All those years of carving jack-o-lanterns with our children. Memories that were carved, like the pumpkin faces, in my broken brain.
When I first began coming out of the coma, nothing made any sense AT ALL to me. Everything was really, really scary. I was extremely tired, I hurt all over, I was terrified, I was freezing cold, and it was as if I was being assaulted by sensations that didn’t make any sense. I’m beginning to be convinced that this was a large part of my “agitated” phase of coma recovery…being overwhelmed by sensory input that you can’t sort out and make sense of. You hurt and you don’t understand why. You can’t understand what anyone is saying, or why they are trying to trying to get you to do things.
I especially remember that faces didn’t make any sense to me. The part of my brain that processes the information that my eyes send it was damaged, which caused everyone around me to resemble monsters, unfortunately. Only my immediate family, whose faces and voices and movements I remembered, did I want around me. Everyone else was terrifying. Fortunately, On With Life, the brain rehab facility that I was in, employs a “team” philosophy for nurses and CNAs and therapists, so that the patient quickly becomes familiar with a small group of people. This was a real life-saver for me, and I’m sure for many other people. I never could recognize faces the entire time I was there, but I could learn movements, and voices, and footsteps. I still struggle with vision a lot, and can’t really make sense of faces very well yet, but it’s definitely better. I had to learn to write, and to remember how to spell again, and could read for only minutes at a time with very large font. I still struggle with reading. My new glasses have corrective prisms in them, and without them I immediately start seeing double. I describe them as “girdles for my eyes”, and I need to take them off sometimes to let my eyes slip out of focus and relax (and see double!). My niece, who has dyslexia, has suggested a lot of helpful aids for me. I wasn’t born with dyslexia, but I must have “created dyslexia” of a sort now. A couple of months ago, I was watching our neighbor’s preschool age son practicing making numbers on a sheet of paper, and I exclaimed “Aren’t 5’s and 3s the worst!” He nodded “yes” very solemnly. I still struggle with what direction those numbers go, and it seems every zip code is just LOADED with LOTS!!!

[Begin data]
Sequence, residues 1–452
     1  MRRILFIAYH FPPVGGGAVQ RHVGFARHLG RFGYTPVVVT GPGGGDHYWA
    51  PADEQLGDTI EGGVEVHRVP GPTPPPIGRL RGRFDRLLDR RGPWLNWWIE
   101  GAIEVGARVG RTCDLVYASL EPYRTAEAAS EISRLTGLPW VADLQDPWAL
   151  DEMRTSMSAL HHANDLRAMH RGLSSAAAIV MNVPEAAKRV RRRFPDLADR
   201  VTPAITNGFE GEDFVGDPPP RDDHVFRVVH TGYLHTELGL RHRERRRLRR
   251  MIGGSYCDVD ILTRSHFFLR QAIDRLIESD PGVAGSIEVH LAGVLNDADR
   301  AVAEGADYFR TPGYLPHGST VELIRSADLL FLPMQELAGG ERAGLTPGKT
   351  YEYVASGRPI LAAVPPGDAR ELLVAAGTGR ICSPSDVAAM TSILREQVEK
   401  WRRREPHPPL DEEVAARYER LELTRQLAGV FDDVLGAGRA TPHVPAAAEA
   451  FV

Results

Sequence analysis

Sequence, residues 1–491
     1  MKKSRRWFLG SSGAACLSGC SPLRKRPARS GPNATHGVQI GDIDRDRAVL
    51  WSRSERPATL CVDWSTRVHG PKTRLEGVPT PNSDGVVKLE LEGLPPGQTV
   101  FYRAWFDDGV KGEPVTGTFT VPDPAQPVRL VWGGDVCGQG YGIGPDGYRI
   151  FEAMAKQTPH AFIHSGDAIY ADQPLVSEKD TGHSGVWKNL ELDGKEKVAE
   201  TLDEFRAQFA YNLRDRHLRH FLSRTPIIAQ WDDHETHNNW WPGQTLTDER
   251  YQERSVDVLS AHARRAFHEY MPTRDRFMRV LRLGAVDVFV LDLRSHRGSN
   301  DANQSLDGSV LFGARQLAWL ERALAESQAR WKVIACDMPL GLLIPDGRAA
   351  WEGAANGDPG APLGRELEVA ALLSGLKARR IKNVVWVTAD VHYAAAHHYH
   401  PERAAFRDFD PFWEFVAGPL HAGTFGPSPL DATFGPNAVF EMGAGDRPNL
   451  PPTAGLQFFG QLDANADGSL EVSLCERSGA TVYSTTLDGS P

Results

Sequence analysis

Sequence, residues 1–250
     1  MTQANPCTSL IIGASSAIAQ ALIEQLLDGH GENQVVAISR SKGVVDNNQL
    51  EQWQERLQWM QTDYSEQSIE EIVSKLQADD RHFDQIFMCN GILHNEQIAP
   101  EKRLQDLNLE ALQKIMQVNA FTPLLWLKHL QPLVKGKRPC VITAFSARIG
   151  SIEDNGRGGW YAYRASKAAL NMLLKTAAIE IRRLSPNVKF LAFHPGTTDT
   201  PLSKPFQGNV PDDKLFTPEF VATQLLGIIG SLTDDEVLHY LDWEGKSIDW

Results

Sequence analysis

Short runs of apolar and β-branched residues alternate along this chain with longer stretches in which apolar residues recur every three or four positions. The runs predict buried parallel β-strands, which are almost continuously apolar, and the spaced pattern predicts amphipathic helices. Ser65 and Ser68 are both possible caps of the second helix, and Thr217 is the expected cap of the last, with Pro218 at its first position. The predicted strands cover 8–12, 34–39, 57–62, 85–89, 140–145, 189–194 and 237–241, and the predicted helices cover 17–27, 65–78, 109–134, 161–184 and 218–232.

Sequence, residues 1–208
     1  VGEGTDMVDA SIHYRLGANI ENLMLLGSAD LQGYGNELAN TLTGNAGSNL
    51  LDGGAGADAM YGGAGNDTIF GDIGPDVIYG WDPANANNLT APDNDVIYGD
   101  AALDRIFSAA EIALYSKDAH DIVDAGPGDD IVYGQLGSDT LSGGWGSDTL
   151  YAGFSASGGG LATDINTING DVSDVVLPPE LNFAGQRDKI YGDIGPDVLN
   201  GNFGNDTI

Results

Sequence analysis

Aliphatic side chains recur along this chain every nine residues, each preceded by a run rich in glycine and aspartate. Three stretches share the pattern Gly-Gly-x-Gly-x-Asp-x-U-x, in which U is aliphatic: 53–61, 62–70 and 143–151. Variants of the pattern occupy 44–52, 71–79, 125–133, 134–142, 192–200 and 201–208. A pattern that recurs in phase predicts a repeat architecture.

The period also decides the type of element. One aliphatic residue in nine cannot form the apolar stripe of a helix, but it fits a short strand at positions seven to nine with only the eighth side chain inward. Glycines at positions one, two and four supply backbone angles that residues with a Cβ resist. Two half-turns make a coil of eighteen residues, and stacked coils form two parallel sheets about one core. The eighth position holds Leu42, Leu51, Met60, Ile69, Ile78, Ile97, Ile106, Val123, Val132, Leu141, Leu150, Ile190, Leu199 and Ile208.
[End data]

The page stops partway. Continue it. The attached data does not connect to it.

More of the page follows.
Back to faces…what started my break-through was remembering carving jack-0-lanterns with our kids. Two eyes on top, nose in the middle, mouth on the bottom. Everything, by and large, symmetrical. THAT was what faces were supposed to look like! So I started (hopefully inconspicuously) trying to look at people’s faces carefully. They were pretty scary at first, I won’t lie!
And I would compare them to jack-o-lanterns. Two eyes: check. Nose in the middle: check. Mouth on the bottom: check. But for a long time (and I am still dealing with some of this), another complication was that my field of “focused” vision was very, very small. I could really only see half of a person’s face at one time. I was constantly having to decide “top half, or bottom half” when I was watching someone talking to me. It must have been pretty disconcerting.
Recovering from a brain injury is an exciting affair if you can keep your focus off self-pity and towards “hmmm. This is an interesting challenge. What can I find in my bag of tricks that I can apply to this situation.” Don’t get me wrong. I’m not eternally, obnoxiously cheerful. I have a very well-stocked whine cellar. I can moan with the best of them. I just always realize, after a good session of that, that I’m no further forward than I was before, and it’s time to get to work again. A certain amount of self-pity is unavoidable, but you don’t have to stay there. I still have to visit there, and sometimes more frequently than others, but I never want to live there.